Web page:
The Socks

Thus the reason for “Socks 4 Surgery,” designed especially for our special babies that are going into surgery, we are commited to donating our special surgery socks to hospitals and organizations. We are dedicated to designing socks to keep babies feet warm in surgery and to help spread awareness of birth defects. But not just any socks: special, fun, warm socks with encouraging and clever sayings on them. We just finished designing our Floppy Larynx babies surgery socks!! After all, if it was the only thing your baby could have of theirs in surgery, wouldn’t you put the BEST socks on your baby? Indefinately if you buy a pair of clever socks from Socks 2 Rock, every pair purchased is matched. You buy a pair, we donate a pair. It gives a whole new definition to “matching socks”

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Socks for Surgery is dedicated to providing a keepsake pair of socks, a reminder of overcoming the adversity of surgery. Our mission is to improve their surgery experience by keeping their feet warm, while keeping a personal belonging with them. We believe health and wellness will lead to a satisfying and rewarding life. We want to inspire fellow friends to help spread awareness of birth defects.


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Pictures of socks courtesy of Leaona Ford Photography
Screenprinting courtesy of Peake Screenprinting

To help bring awareness to this cause, Leaona Ford Photography and Socks 4 Surgery are sponsoring a giveaway for a free family photo session (valued at $160). Please enter and then help spread the word by sharing this post and our Facebook page and website with anyone you know who might be going through a similar struggle.

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View Comments (13)
  • Fortunately, neither of my babies required surgery as newborns, but my best advice for anything is to surround yourself with lots of support!

  • As hard as it is, trying not to get so worked up that you’re too emotional to fully interact with the medical staff is very important. My advice for parents going through surgery is get lots of support and do your best to hold yourself together for your baby’s sake!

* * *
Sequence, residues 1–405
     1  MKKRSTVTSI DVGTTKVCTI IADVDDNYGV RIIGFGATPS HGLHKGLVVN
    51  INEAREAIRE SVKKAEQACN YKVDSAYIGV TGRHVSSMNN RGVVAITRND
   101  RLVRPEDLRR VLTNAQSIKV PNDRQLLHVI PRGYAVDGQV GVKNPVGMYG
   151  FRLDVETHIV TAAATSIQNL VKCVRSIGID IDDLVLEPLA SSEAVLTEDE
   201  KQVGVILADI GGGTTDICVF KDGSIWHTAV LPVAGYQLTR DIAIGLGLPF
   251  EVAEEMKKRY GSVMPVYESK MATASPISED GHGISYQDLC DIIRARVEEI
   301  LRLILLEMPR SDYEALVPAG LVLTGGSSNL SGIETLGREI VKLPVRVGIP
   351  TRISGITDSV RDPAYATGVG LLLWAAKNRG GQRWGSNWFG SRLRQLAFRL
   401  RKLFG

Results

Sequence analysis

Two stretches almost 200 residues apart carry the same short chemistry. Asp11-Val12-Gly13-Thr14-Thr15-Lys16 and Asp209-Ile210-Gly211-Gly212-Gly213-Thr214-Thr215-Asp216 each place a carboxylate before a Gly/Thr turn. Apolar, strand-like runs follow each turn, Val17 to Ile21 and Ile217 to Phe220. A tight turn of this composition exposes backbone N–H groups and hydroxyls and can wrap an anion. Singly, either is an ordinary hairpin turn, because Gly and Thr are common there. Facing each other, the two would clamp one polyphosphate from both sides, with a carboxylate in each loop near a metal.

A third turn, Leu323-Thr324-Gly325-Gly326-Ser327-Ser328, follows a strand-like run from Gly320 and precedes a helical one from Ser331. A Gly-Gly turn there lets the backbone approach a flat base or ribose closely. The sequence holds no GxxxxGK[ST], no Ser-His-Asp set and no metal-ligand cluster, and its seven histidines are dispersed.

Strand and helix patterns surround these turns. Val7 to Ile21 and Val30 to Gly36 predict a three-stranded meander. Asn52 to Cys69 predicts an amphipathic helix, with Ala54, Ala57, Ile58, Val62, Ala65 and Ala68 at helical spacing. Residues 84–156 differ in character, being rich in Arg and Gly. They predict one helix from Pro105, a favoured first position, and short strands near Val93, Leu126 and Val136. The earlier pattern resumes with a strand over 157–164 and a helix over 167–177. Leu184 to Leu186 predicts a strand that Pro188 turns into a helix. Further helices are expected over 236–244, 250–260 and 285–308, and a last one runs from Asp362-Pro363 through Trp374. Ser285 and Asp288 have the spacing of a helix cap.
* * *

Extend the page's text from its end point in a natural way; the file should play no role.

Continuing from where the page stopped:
• You captured that helpless feeling perfectly. My son spent over two months in the NICU and underwent surgery during that time – I can empathize with the numbness and fear. I’m so glad Cruz is doing well, and best of luck with your cause. That’s wonderful to turn your experience into a way to give back to other parents 🙂

  • What a wonderful idea. You are an amazing person. I didn’t catch how we can help by donating socks…

  • As a mom whose newborn underwent lung surgery, the best advice I have, is to have your additional children (I have two others) cared for completely by your most trusted family member/friend. I was able to stay in Birmingham the entire month, having weekly visits and daily phone calls with my children and husband, while focusing on the child that needed me the most at that moment. My sister-in-law is my best friend who kept my kids busy with fun activities and continuity within our household.

  • Wow what a informative article. I was truly enlighten and my heart goes out to the family. My prays will be with you all.

  • I truly don’t know what advice I would want if my newborn were going into surgery. I think I would just want to know people were thinking of my family.

  • I don’t know if I would listen to any advice given, not because I’m stubborn, but how can you not worry about your little one going into surgery (even if it was just for tubes in their ears)? The best thing for me would be to have the support of friends around me since we don’t have family here.

  • We had a similar experienece with our third baby! Such a horrible feeling… Powerless!

  • I would say have faith – faith that you’ve chosen the best doctors, faith that you’re in a wonderful hospital full of caring individuals and faith that your family, friends, etc. have your back.